David Davis, former CEO Edelman UK and Deputy Chairman, passed away earlier this week at age 87. He worked with my father for over two decades to build the global business from its American base. He began his career at The Times of London as a business reporter, joining Edelman in 1968 in the UK as one of the first employees. He was right-hand man to Michael Morley, President of our international operations.
I remember David as a businessman first and foremost. He brought the concept of budgeting to Edelman. He took us into financial PR with the acquisition of a boutique in London, Derek Dale and Associates. He also bought a B-to-B agency, Medalyer and Associates. He was the hardest worker in the firm, in early, home late, always with clients and available to counsel staff.
His favorite client was a UK-based holding company, Lex, headed by Trevor Chinn, an entrepreneur in travel and leisure. He was an expert at CEO positioning and crisis management.
He had a close relationship with my father, Dan Edelman. It started off in an odd way. Dan sent him a “welcome to Edelman” letter addressed to Dave Davis. David wrote back and said that nobody called him Dave, not even his mother. My father then wrote back to David a dutifully respectful note, without apologizing or explaining.
The early days of Edelman UK were the tale of a classic start-up. David spoke at the dedication ceremony for our new office in the UK, Francis House. He regaled the crowd with the tale of the first office on Albemarle Street with a large stain in the middle of the carpet. When clients would come to visit, account staff would take turns standing over the stain to ensure that it was not visible.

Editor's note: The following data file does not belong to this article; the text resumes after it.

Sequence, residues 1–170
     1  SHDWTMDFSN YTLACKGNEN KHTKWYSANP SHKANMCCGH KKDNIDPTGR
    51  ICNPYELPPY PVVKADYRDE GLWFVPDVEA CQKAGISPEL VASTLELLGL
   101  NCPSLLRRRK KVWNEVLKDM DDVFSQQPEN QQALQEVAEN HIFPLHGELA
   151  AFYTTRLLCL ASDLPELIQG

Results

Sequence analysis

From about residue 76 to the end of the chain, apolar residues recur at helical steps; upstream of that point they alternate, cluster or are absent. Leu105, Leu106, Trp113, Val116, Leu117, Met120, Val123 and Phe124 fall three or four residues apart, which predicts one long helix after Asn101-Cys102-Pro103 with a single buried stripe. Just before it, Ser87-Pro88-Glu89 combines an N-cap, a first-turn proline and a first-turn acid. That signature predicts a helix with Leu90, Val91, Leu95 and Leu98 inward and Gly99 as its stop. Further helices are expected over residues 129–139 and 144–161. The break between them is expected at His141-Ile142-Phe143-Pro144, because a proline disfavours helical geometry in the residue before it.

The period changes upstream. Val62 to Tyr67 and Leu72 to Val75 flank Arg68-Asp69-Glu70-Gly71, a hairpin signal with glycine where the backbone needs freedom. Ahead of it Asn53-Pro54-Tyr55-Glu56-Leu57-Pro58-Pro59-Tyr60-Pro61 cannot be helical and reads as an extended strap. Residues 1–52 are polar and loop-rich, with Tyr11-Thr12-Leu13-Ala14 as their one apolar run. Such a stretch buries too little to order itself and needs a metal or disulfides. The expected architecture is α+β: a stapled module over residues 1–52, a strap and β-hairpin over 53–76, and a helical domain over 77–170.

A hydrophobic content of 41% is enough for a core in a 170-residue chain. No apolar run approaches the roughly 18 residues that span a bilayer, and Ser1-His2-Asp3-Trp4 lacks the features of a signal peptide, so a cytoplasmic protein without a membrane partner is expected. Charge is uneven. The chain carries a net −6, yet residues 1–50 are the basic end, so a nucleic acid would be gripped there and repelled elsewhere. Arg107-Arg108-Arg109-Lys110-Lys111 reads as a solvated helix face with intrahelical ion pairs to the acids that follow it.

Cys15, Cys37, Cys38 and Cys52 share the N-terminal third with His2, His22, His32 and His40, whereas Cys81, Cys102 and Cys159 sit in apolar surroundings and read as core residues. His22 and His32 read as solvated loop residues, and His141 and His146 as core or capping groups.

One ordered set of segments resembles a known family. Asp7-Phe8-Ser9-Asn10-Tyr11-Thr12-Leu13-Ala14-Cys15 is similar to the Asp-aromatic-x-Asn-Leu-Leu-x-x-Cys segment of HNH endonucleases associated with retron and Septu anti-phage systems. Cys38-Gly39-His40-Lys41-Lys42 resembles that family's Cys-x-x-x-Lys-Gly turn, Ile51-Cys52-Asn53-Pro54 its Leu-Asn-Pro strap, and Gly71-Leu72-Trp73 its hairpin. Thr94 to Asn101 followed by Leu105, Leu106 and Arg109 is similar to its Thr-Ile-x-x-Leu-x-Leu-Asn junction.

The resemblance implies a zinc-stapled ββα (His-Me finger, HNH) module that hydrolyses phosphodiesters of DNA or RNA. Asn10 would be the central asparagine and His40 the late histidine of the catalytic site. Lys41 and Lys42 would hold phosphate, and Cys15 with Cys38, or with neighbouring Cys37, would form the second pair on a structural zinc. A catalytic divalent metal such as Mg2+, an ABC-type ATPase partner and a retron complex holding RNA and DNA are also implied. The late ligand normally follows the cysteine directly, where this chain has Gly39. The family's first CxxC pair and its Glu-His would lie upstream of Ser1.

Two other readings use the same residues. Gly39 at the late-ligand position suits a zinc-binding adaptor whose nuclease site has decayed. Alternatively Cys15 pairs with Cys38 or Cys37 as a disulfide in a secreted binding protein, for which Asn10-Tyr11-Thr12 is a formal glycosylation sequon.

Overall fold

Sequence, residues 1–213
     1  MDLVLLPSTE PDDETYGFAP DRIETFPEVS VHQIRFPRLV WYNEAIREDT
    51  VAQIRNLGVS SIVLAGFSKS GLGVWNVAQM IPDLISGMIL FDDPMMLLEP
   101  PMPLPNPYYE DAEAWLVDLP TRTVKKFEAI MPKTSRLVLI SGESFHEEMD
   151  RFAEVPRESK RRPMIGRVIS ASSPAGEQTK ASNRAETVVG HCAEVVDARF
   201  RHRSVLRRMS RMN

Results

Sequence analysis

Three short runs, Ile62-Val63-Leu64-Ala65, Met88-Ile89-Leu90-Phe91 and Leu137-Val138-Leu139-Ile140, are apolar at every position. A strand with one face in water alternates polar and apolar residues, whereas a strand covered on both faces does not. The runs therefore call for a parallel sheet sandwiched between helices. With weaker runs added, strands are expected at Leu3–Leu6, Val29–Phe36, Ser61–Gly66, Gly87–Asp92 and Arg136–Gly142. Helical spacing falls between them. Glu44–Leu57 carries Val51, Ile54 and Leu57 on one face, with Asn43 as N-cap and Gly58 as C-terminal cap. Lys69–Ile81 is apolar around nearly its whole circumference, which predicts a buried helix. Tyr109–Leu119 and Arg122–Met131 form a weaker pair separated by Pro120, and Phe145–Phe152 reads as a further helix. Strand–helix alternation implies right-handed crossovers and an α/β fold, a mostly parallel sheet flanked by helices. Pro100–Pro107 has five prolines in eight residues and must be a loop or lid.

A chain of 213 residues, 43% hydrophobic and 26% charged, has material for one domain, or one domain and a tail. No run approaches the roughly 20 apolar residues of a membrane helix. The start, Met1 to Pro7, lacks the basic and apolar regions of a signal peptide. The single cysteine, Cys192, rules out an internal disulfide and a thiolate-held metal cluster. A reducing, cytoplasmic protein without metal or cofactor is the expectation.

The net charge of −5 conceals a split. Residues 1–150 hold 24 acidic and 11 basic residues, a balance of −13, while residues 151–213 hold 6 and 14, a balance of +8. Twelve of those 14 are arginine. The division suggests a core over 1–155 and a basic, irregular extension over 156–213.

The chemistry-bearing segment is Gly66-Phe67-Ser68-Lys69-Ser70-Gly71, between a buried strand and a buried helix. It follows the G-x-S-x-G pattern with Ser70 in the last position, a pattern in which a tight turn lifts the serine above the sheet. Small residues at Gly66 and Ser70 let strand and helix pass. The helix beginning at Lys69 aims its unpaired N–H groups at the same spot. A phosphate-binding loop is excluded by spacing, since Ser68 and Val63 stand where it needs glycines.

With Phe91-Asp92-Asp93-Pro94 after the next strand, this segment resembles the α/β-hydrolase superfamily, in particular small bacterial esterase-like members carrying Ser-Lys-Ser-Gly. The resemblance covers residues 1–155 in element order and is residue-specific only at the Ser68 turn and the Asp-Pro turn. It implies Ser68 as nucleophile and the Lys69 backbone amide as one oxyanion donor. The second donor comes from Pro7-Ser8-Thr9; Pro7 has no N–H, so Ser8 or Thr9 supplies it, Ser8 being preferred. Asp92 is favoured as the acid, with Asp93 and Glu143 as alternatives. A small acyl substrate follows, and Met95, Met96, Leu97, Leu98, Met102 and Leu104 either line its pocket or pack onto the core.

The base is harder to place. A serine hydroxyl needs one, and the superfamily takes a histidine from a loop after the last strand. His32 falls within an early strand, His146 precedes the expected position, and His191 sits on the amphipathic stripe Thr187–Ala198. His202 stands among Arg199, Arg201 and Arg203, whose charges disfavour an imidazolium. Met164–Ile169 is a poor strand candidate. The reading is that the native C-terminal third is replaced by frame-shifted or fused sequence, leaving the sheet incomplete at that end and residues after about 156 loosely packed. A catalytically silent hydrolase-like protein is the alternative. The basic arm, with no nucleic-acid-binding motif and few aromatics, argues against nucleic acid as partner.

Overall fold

David and his wife Beryl came to Edelman's 65th Anniversary Founder's Day event on October 2, 2017 at Baruch College in New York, co-hosted with the Museum of Public Relations. David was our special guest, and when asked about Dan's best advice, he said: “The notion that you built a relationship with a client, wasn’t us. Dan’s approach was to get under the skin of the client--to understand what they wanted as individuals, and as a company.”
Earlier that day in the New York office he attended a brainstorming session and spoke with several of our young employees. His message was simple; a family business has a substantial advantage in a world of conglomerates, able to think long term and to zig when all the others are zagging.
He was a family man, survived by his incredible wife Beryl and son Jonathan, a tech entrepreneur and global thinker. He was a devout Jew, proud of his origins, committed to his faith.
I will miss him as a mentor and a friend. He is remembered in the Edelman Museum as one of the ten people who enabled us to be the different one. Rest in peace, David, you have earned it.
Richard Edelman is CEO.
A remembrance by Michael Morley, former head of the London office and Edelman International.
I cannot let the passing, on 26th December 2023, of dear friend and colleague David Davis go any longer without writing some memories of our time together at DJE, (now Edelman). One of our earliest clients was a brilliant young Dane, Kaj Jensen, who had the licence to market Heuga Carpet Tiles in the UK. This Dutch company was revolutizing the floor covering business in Europe and the UK. I arranged for Kaj to meet and be interviewed by David over lunch at the Savoy. David was at the time a reporter on the Business Section of The Times. Not long after David joined Audrey Baker and our small team at Edelman, then located in Albemarle Street.
I now realize that, in truth, it was David who was interviewing me as a prospective employer. He was doubtless impressed by the client roster we had already built up (Gillette, Kimberly-Clark , Finnfacts, Heuga, Chesebrough-Ponds and others). He was also attracted by the Jewish and journalistic heritage of Daniel J. Edelman, the firm's founder, in Chicago.
Our relationship blossomed into a successful partnership with David becoming Managing Director of Edelman London.
Increasingly, as my responsibilities involved me in the expansion and management of Edelman offices in Europe and beyond, David took a much more direct role in managing the office in London, an arrangement which came to complete fruition when I moved to New York in 1984.
I knew David as a devoted family man whose wife Beryl and son, Jonathon, were ever foremost in his thoughts. Yet, at the same time he was totally dedicated to his work at Edelman, as has been so warmly and well-described by Richard Edelman in his tribute to David.
Michael Morley, Deputy Chairman, President of Edelman International, 1967-2002.